Princeton University will be home to a new $20 million energy research center for combustion science, as part of a federal initiative to spur discoveries that lay the groundwork for an economy based on clean replacements for fossil fuels.
In his office, MIT Professor of Chemical Engineering Gregory Rutledge keeps a small piece of fabric that at first glance resembles a Kleenex. This tissue-like material, softer than silk, is composed of fibers that are a thousand times thinner than a human hair and holds promise for a wide range of applications including protective clothing, drug delivery and tissue engineering.
Until now, extracting as many proteins as possible from biological samples has required a combination of several methods. Scientists at the Max Planck Institute of Biochemistry have now developed a new universally employable sample preparation method that combines the advantages of the usual methods and allows an unprecedented depth of proteome coverage.
U.S. Department of Energy's Argonne National Laboratory researcher John W. Lewellen was recently named a recipient of the U.S. Particle Accelerator School (USPAS) Prize in Accelerator Physics and Technology.
Researchers have demonstrated, for the first time, that the activation energy of impurities in semiconductor nanowires is affected by the surrounding dielectric and can be modified by the choice of the nanowire embedding medium.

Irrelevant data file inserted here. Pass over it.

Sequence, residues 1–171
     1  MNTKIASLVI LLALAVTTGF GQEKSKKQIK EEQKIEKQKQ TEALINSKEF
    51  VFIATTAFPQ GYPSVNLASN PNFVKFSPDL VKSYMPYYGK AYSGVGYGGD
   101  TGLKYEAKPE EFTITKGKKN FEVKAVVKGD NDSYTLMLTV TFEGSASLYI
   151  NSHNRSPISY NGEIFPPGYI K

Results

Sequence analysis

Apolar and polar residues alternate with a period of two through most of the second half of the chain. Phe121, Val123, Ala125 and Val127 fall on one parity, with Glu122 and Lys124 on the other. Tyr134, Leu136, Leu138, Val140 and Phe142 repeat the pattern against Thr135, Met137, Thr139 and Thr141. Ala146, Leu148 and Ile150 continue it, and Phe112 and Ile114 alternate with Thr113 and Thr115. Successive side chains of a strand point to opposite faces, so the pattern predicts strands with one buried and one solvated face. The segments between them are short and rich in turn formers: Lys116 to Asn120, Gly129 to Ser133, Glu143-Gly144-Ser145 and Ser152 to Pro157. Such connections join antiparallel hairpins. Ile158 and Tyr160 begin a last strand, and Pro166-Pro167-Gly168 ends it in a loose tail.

The Korea Institute of Industrial Technology (KITECH) and IVAM Microtechnology Network have concluded a cooperation agreement on April 22, 2009 at MicroTechnology/HANNOVER MESSE in Hanover, Germany. Both organizations want to accelerate the information exchange between their high-tech countries with this.
Bereits 2007 hat Prof. Dr. Goetz S. Uhrig, Physiker an der TU Dortmund, eine Methode ersonnen, wie die fragilen Zustaende von Quantenbits moeglichst lange stabil gehalten werden koennen. Seine theoretisch in Formeln beschriebene Optimierung wurde jetzt von amerikanische Wissenschaftler im Experiment ueberprueft.
Researchers at the University of Illinois have developed a membrane-penetrating nanoneedle for the targeted delivery of one or more molecules into the cytoplasm or the nucleus of living cells. In addition to ferrying tiny amounts of cargo, the nanoneedle can also be used as an electrochemical probe and as an optical biosensor.